COLLEGE STATION, Texas — Johnny Manziel’s day began late because of the NCAA and ended early because of his mouth.
In between he looked like Johnny Football at his best.
After serving his first-half suspension, the Heisman Trophy winner threw three touchdown passes, scrambled for 19 yards — and, well, acted up — while No. 7 Texas A&M rolled over Rice, 52-31, on Saturday.
Manziel was sitting out because of what the school called an “inadvertent” violation of NCAA rules involving signing autographs.
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His first touchdown came on a 23-yard pass to Mike Evans on A&M’s second drive of the half. But just before that, Manziel got into it with a Rice defender, appearing to mimic signing an autograph while getting up from a tackle.
Coach Kevin Sumlin said he didn’t see that exchange, but would have “done something about it” if he did.
Manziel ended his day by getting yanked following an unsportsmanlike conduct penalty for pointing at the scoreboard after a TD pass in the fourth quarter.
“A foolish penalty at the end,” Sumlin said. “No matter what the comments are or what. He’s going to face that every week with the people chirping. That’s not OK, and obviously I addressed that on the sideline right after the play. That’s something he’s going to have to deal with every week.”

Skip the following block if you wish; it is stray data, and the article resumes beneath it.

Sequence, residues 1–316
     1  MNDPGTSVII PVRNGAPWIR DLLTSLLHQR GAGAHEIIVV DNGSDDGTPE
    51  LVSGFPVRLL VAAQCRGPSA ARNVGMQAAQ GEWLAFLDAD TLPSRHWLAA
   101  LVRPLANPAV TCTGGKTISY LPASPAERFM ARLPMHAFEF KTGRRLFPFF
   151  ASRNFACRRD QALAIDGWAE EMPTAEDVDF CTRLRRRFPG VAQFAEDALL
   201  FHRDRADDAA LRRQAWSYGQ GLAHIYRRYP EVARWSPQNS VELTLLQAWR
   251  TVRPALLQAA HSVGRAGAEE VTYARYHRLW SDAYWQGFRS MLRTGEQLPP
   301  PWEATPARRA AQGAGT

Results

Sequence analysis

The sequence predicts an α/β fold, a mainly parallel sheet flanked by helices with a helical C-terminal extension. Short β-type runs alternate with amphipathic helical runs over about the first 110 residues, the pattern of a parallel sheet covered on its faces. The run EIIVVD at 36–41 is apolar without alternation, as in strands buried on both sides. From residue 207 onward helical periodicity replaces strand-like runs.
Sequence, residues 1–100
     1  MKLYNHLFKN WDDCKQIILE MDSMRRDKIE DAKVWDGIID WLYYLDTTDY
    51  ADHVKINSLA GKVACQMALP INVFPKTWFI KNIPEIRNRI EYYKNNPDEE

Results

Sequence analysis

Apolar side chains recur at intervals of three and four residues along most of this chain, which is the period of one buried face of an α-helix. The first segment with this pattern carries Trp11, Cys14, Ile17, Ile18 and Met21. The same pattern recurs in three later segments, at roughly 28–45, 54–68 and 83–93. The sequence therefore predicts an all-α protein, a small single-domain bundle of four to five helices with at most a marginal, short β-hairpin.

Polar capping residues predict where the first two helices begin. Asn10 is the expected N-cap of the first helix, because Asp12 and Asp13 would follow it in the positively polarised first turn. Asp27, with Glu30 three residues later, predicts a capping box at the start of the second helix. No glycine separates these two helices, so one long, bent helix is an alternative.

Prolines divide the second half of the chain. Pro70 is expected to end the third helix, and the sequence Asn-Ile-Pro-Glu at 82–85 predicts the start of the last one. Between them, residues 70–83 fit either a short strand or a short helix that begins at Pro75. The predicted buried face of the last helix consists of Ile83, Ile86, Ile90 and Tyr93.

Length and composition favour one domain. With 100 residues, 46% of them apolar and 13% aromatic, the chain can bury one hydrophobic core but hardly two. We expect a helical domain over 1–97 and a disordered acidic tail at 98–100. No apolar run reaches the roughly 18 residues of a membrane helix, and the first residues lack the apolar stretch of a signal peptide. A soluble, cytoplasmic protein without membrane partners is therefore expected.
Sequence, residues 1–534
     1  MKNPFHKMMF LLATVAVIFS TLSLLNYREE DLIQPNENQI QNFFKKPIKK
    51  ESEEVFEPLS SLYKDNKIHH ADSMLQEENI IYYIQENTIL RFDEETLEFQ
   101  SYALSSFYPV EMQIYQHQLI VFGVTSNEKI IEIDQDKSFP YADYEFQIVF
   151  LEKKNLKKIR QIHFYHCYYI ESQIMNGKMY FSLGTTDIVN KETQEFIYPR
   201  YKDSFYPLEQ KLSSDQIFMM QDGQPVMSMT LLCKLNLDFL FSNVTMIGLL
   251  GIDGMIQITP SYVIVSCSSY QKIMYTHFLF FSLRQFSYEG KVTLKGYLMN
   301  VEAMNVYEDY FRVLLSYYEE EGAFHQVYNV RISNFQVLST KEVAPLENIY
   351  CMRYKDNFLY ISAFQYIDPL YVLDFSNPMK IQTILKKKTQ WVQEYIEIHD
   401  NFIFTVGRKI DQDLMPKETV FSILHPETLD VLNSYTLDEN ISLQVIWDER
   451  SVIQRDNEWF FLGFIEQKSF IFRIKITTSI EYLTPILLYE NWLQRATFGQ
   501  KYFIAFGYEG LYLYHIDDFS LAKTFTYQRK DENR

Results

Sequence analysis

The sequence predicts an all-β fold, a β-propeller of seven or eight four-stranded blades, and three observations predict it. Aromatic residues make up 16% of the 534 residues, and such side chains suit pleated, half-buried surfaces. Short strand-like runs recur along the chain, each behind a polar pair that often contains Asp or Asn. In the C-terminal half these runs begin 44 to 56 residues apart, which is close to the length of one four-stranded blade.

Manziel, who was replaced by Matt Joeckel on A&M’s last drive, wasn’t made available to the media after the game.
He did address his teammates Friday night and discussed, according to Sumlin, the “mistakes he’s made.” The meeting was a condition for reinstatement.
“Maybe actions you think just hurt you end up hurting the whole football team,” Sumlin said. “That was the real gist of his message to the team, that everybody’s individual acts affect the team and when that happens it’s not good.”
Manziel had been investigated for allegedly accepting money for autographs from memorabilia brokers, a violation of NCAA rules that could have led to a much longer suspension.
Instead, Manziel only had to sit out the first two quarters.
Offensive lineman Cedric Ogbuehi, for one, didn’t have a problem with Manziel’s antics.
“That’s how he is. He’s a fiery guy and that’s what we love about him,” he said. “He’s not quiet. He’s not shy. He’s going to be loud and aggressive and that’s what makes him Johnny Football.”